Pro-tip for all you bosses out there: It's easier to take advantage of your employees when they don't realize quite how much you're benefiting from them.
A recent study published through the University of Heidelberg economics department claims that managers are more likely to try and exploit their workers when the workers don't have enough information to know just what the managers are getting out of them. (h/t to The Washington Post.)
For their study, the researchers set up a workplace scenario in which a manager had the power to control a worker's wages. The manager and the worker were attempting to finish a project together, and the more effort the worker put into the project, the less work the manager had to do.
When the worker knew about the relationship between their own efforts and the manager's, the manager was less likely to cut the worker's pay. But when the worker was in the dark about how their own productivity affected the manager, the manager made "frequent and pronounced" attempts to squeeze the worker to do more for less.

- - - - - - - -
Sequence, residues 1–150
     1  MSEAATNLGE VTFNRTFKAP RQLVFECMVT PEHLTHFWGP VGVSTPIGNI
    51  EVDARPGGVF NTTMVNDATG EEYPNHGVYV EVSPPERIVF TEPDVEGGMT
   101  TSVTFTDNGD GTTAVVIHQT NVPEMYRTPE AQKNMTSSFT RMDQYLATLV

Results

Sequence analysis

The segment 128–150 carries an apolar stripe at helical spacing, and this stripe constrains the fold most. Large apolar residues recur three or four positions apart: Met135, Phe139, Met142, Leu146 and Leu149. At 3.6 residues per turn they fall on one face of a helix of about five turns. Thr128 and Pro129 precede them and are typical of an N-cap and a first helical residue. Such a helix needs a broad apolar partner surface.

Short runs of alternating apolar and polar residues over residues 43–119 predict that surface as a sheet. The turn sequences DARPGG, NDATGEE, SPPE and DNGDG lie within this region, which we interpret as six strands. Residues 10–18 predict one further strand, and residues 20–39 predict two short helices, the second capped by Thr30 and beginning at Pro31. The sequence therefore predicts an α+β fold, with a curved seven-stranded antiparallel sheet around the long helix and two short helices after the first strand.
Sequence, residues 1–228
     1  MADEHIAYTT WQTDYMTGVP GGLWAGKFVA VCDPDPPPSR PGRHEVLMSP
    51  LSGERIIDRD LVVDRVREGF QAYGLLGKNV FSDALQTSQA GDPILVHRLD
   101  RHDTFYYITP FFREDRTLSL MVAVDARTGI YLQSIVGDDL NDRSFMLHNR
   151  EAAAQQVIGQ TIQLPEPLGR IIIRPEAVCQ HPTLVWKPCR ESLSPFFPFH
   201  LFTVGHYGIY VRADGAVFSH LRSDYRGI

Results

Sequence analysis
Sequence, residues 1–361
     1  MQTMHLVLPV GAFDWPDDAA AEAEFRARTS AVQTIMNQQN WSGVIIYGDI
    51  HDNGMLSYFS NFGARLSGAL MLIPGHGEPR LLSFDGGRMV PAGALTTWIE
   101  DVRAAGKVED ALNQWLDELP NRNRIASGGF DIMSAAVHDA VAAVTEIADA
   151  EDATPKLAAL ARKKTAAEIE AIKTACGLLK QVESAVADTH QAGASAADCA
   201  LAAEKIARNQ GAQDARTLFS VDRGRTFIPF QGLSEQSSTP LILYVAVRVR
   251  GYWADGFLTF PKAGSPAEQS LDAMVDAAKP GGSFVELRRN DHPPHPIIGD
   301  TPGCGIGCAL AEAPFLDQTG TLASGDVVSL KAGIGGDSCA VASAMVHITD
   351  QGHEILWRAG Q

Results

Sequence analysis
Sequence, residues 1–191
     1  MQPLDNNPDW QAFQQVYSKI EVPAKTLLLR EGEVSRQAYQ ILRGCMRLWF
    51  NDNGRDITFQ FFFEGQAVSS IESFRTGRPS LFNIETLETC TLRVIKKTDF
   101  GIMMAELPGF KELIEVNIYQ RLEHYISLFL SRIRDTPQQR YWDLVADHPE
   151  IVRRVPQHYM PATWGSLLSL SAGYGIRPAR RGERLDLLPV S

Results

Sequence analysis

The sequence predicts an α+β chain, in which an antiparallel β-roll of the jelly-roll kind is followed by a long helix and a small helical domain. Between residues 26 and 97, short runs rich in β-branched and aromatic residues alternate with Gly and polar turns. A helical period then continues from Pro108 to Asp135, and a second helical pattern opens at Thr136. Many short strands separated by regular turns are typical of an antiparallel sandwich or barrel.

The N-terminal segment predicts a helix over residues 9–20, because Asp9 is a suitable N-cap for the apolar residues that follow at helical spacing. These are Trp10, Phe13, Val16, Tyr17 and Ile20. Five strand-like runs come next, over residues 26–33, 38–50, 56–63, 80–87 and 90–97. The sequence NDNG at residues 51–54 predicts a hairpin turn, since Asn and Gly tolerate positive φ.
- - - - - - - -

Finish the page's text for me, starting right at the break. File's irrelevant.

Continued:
Plenty of employees know what it's like to get squeezed these days. American productivity has been rising steadily for the past three decades, but the ones who've mainly benefited have been the rich. Wages for most workers are barely growing.
That widening gap has become painfully apparent since the onset of the Great Recession. Even as poverty levels reached a record high in the last few years, corporate profits are as robust as ever. And the current state of the labor market -- still lousy, in case you hadn't heard -- means that worker wages are unlikely to take a big jump any time soon, since employers don't have a lot of incentive to start paying people more when there are still more than 12 million Americans looking for work.
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